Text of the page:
North Atlantic sea-level variability during the last half-millennium - salt-marsh proxy records of relative sea-level change along the coast of North America

Data set information

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Data holding centreBritish Oceanographic Data Centre
CountryUnited Kingdom  United Kingdom
Time periodFrom approximately 200 BCE to 2010 CE (Project ran from 24 Aug 2009 - 28 Feb 2013)
Geographical area

Chezzetcook (Nova Scotia), Sanborn Cove (Maine) and Barn Island (Connecticut)


Sea level; Sediment microfossil morphology parameters; Palaeoclimatic indicators and parameters; Sediment age


Unconsolidated sediment corers


This dataset contains foraminifera abundance data and chronological information for samples taken from surface sediments and tidal marsh cores from sites at Chezzetcook (Nova Scotia), Sanborn Cove (Maine), and Barn Island (Connecticut). Core CZ-25 (Chezzetcook, Nova Scotia): 44.7391N,63.2643W; Core SN-3.3 (Sanborn Cove, Maine): 44.6835N,67.4056W; Core BI-47.5 (Barn Island, Connecticut): 41.3390N,71.8665W. Relative sea-level (RSL) data has been determined by subtracting the elevation at which a fossil sample was originally deposited (calculated by a microfossil transfer function) from its present elevation (measured relative to national geodetic datums). Transfer functions were based on foraminiferal assemblages from previously collected data sets and, in one site (Connecticut), additional local foraminiferal data. The sampled depths cover age ranges of ~960 - 2010 CE (Chezzetcook), ~1741 - 2010 CE (Sanborn Cove), and ~1552 - 2010 CE (Barn Island). Foraminifera data were quantified in core CZ-25 from Chezzetcook, core SN-3.3 from Sanborn Cove, and core BI-47.5 from Barn Island using light microscopy. For the transfer function applied at Sanborn Cove we used the regional Maine dataset of Gehrels (2000). We removed all low marsh and tidal flat samples, leaving 44 samples containing the six primary agglutinated salt-marsh foraminiferal taxa. For the Connecticut transfer function we used the dataset of Edwards et al. (2004) and included 26 new samples we collected from Barn Island. The chronological data were derived using a variety of dating methods, including 14C, 210Pb, 137Cs, 206Pb/207Pb, tephra, pollen markers and trace metal markers. The dataset includes 70 dated depths at Chezzetcook, 37 dated depths at Sanborn Cove, and 44 dated depths at Barn Island. The oldest uncalibrated radiocarbon age at Chezzetcook is 996 +/- 36 14C years, with the surface dating to 2004 CE. At Sanborn Cove, the oldest date is 2064 +/- 35 14C years, with the surface dating to 2010 CE. At Barn Island, the oldest date is 1020 +/- 23 14C years, with the surface dating to 2010 CE. The radiocarbon dates include high precision dates obtained by pooling the mean of multiple age determinations on individual plant fragments at 2 sigma precision. This significantly reduces the error of the 14C ages for samples younger than ~300 calendar years (to between ±9 and ±17 14C yrs). Measurements of 'bomb-spike' AMS14C in plant fragments are used to test model selection for 210Pb analyses. Age models are developed for cores using the Bayesian age-modelling software Bacon which takes into account the stratigraphical position of the sample, thereby reducing the number of possible solutions for the calibrated ages of the samples. The data were collected as part of an investigation into pre-industrial sea-level rise hotspots in the Northwest Atlantic Ocean and was funded by the Natural Environment Research Council. The grant (NE/G003440/1): North Atlantic sea-level variability during the last half-millennium, aimed to quantify sea-level changes in the recent past in order to provide more accurate and precise predictions for the future. W. R. Gehrels (University of York), S. Dangendorf (University of Siegen), N. L. M. Barlow (University of Leeds), M. H. Saher (Bangor University), A. J. Long (Durham University), P. L. Woodworth (National Oceanography Centre), C. G. Piecuch (Woods Hole Oceanographic Institution), and K. Berk (University of Siegen) were responsible for the data collection and interpretation.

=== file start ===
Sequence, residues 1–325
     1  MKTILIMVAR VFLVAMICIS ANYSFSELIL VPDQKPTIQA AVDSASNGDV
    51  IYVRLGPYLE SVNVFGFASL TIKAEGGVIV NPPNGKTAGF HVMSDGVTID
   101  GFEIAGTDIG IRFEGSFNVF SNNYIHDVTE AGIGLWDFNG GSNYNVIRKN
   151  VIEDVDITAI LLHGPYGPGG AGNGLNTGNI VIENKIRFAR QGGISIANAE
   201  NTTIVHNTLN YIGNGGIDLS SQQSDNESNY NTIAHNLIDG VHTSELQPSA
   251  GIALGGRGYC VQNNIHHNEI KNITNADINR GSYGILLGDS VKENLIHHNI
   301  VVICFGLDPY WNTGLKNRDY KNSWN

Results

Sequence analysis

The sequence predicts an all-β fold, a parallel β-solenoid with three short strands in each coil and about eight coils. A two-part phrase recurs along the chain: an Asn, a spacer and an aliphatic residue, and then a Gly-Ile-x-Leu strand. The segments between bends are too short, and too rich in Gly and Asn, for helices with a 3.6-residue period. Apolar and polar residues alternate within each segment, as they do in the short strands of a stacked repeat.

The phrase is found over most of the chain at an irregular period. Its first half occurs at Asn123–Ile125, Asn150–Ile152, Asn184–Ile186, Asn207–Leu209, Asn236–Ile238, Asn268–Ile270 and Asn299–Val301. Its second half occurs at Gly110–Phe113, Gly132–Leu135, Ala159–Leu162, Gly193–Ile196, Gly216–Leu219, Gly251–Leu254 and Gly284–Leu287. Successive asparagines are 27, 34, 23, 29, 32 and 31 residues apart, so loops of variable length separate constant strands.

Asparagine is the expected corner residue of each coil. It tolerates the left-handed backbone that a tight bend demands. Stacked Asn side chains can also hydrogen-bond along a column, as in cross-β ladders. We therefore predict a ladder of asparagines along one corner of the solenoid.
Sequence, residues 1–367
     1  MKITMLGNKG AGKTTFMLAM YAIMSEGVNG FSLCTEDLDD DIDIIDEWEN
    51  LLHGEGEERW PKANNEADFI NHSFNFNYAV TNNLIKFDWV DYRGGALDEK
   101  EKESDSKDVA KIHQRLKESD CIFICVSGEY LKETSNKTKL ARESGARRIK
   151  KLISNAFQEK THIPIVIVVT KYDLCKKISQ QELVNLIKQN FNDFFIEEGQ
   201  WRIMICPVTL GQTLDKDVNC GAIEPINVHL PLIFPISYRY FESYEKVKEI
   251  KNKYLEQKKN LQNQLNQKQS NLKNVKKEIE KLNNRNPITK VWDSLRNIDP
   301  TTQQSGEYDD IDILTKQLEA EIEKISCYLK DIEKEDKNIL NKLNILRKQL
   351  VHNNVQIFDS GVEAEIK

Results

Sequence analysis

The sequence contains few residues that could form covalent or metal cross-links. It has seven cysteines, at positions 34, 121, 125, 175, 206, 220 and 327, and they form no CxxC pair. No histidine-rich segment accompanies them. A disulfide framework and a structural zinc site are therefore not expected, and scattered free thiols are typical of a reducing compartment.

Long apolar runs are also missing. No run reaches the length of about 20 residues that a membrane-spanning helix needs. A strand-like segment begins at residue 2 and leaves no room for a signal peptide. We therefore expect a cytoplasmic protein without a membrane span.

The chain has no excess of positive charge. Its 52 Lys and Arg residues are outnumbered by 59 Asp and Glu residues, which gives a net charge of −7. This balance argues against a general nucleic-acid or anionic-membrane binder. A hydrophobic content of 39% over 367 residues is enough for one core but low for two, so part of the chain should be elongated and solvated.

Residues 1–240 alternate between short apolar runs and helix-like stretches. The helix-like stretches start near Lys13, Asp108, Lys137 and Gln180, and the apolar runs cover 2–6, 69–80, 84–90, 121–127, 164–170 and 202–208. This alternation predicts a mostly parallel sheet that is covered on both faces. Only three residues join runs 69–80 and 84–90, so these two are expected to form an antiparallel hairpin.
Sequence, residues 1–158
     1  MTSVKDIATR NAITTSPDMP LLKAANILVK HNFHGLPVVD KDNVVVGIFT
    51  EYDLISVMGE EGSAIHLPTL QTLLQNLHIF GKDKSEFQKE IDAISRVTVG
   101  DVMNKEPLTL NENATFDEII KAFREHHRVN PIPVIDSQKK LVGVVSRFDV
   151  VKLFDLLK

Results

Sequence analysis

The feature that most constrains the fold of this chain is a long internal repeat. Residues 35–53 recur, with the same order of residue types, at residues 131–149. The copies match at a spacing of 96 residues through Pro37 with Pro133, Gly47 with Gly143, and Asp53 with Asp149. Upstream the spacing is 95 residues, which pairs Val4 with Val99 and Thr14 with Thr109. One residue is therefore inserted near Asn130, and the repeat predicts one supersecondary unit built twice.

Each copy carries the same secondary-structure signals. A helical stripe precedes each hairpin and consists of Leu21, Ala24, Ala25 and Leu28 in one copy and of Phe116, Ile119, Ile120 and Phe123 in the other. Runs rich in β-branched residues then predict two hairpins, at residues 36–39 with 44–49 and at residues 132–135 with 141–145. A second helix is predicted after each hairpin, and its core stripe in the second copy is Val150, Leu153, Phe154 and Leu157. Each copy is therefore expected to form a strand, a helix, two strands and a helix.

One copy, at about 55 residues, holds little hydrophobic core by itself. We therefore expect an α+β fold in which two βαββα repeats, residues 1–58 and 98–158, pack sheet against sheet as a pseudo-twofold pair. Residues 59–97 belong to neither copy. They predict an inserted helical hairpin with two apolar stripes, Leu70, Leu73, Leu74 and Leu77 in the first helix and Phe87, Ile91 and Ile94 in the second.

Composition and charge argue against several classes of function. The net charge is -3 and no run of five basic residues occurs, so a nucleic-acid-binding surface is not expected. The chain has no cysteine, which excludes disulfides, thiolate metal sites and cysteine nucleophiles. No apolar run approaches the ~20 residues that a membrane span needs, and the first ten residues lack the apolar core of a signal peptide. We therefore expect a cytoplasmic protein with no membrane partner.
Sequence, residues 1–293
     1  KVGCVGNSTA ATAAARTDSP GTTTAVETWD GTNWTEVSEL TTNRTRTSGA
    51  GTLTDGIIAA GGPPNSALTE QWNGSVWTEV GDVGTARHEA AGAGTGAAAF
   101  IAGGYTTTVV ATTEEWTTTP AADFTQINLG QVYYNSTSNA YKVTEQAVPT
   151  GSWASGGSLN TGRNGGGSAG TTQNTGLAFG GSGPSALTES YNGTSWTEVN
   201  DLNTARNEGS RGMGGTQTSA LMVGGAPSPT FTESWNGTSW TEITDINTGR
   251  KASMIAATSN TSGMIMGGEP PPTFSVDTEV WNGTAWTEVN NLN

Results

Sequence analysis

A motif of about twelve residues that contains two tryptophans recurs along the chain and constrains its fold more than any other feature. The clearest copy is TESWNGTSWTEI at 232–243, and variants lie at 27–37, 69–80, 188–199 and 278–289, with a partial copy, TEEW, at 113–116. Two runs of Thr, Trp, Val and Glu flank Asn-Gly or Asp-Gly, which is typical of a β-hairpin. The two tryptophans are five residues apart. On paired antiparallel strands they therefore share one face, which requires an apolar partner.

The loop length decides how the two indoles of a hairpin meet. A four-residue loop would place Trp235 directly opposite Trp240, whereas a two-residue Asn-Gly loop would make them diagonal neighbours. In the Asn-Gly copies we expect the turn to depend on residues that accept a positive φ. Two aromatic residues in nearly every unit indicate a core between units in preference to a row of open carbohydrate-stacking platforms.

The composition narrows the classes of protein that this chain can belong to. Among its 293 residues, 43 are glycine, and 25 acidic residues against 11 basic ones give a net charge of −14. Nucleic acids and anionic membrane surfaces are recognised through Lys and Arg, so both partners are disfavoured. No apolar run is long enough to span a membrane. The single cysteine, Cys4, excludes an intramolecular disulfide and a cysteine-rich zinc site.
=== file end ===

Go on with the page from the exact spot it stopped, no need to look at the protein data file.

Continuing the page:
OriginatorsUniversity of York, Environment Department

Gehrels, W. R., et al (2005) "Onset of recent rapid sea-level rise in the western Atlantic Ocean." Quaternary Science Review., G. Mastronuzzi, P. Sansò, C.V. Murray-Wallace, I. Shennan; Gehrels, W. R. (2000) "Using foraminiferal transfer functions to produce high-resolution sea-level records from salt-marsh deposits, Maine, USA." The Holocene., ; Edwards, R. J., et al. (2004) "Assessing sea-level data from Connecticut, USA, using a foraminiferal transfer function for tide level." Marine Micropaleontology,

Data web site
OrganisationBritish Oceanographic Data Centre
ContactPolly Hadžiabdić (Head of the BODC Requests Team)

British Oceanographic Data Centre
Joseph Proudman Building 6 Brownlow Street
L3 5DA
United Kingdom
Collating centreBritish Oceanographic Data Centre
Local identifier1048saltmarsh_NE-G003440-1
Global identifier6968
Last revised2019-12-12